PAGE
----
Train speeding pastAs drought continues to slow or stop barge traffic on the Lower Mississippi River, rail and truck outlets are now hauling grain to the gulf. The number of rail carloads from St. Louis to the Mississippi Gulf in October nearly doubled compared to last year, with higher rates to match. According to National Grain and Feed Association CEO Mike Seyfert, a rail car on the secondary market is costing upwards of $2,200 to move, compared to $150 a year ago. Trucking rates have also increased in response to the growing demand.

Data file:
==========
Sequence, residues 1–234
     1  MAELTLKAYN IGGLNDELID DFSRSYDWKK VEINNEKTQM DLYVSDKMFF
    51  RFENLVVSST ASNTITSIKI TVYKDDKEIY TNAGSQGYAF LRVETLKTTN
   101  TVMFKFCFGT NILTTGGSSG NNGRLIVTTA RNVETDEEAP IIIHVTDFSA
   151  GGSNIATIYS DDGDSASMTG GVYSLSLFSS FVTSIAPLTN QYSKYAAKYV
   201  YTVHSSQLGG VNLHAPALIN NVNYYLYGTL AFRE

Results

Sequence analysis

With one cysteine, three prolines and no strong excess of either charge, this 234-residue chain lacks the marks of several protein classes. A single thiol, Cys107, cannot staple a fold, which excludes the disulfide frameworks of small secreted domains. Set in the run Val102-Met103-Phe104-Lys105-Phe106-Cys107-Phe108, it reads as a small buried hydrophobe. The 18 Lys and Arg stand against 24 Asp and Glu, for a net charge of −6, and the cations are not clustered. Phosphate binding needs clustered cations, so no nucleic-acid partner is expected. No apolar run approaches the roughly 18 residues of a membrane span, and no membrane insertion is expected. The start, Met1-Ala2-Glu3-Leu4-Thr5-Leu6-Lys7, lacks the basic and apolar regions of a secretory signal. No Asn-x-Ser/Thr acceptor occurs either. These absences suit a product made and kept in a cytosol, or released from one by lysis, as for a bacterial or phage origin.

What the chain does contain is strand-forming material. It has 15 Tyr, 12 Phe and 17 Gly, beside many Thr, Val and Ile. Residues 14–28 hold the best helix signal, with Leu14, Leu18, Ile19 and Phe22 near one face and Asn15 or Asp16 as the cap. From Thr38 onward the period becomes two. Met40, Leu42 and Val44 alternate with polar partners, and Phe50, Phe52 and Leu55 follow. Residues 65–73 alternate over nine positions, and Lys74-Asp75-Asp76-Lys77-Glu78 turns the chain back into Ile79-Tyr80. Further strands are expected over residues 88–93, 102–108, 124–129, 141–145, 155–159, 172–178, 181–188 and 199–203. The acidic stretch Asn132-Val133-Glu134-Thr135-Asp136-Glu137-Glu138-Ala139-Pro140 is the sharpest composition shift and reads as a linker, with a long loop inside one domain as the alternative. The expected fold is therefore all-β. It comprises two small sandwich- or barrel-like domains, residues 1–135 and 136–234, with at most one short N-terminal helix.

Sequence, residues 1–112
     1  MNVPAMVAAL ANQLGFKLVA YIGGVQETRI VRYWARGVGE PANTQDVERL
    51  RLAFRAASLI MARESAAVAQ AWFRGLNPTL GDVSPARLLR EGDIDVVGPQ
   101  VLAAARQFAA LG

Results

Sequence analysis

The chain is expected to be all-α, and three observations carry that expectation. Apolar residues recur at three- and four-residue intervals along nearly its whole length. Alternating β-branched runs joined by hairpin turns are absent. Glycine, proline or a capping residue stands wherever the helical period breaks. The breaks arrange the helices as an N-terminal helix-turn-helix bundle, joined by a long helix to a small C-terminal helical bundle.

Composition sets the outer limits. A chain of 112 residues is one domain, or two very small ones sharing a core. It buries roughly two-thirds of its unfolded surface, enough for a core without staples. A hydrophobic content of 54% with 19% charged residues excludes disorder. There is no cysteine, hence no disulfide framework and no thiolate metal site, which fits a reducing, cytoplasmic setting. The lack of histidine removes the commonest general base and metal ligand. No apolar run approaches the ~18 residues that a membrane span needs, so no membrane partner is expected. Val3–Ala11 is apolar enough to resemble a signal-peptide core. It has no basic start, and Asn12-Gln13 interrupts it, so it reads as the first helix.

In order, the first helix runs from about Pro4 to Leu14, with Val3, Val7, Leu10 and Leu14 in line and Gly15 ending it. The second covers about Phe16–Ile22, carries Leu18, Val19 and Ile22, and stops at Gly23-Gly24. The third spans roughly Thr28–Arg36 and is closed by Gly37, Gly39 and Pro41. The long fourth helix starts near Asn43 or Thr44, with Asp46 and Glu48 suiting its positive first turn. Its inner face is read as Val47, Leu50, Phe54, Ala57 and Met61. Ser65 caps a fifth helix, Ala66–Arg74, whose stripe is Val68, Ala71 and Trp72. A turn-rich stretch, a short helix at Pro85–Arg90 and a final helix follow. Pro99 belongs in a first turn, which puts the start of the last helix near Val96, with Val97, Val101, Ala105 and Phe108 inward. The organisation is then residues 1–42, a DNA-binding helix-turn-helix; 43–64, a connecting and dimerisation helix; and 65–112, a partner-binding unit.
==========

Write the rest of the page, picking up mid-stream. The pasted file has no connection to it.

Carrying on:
Grain elevators will need to remain flexible, especially during the busiest soybean export time of the year. With lighter barges going down the river, longer load times are necessary and less product can move. Drudging can help, but it requires complete river closures. No matter how you look at it, getting grain to the gulf is no easy task in 2022.

Read more on rail and truck grain hauling to the Gulf here.